Early indications of bipedalism in A. afarensis

While we’re waiting to see if one of our paleo people will post at greater length on this, I will call attention to Case Western Reserve University’s Center for Human Origins’ material on the recent publication of a report on a very early specimen of Australopithecus afarensis. It shows evidence of bipedalism as early as 3.6 mya. The specimen is dubbed “Kadanuumuu,” or “big man” in Afar, the language of the region of Ethiopia in which it was found, because it is from a male over 5 feet tall. That contrasts with Lucy, a female only about 3.5 feet tall from 3.2 mya. The skeletal remains overlap Lucy’s considerably with the exception of cranial and dental material which is missing from Kadanuumuu. The work was recently published in PNAS.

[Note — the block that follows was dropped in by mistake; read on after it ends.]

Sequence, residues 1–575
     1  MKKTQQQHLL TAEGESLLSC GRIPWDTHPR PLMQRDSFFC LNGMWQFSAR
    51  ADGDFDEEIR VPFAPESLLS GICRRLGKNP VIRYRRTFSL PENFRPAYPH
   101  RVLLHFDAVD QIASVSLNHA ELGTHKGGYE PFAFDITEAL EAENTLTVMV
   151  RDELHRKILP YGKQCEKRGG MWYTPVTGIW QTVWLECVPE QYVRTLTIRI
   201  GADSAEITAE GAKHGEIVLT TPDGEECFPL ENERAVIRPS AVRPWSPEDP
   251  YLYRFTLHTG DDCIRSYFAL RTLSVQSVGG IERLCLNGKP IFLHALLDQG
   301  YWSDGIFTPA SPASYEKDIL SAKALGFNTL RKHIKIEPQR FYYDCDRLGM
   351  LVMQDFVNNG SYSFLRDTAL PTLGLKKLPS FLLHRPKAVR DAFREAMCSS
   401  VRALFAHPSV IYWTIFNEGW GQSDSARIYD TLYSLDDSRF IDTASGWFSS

Other coverage from the National Science Foundation and from the Cleveland Museum of Natural History (one of the founding partners in Case’s Center for Human Origins).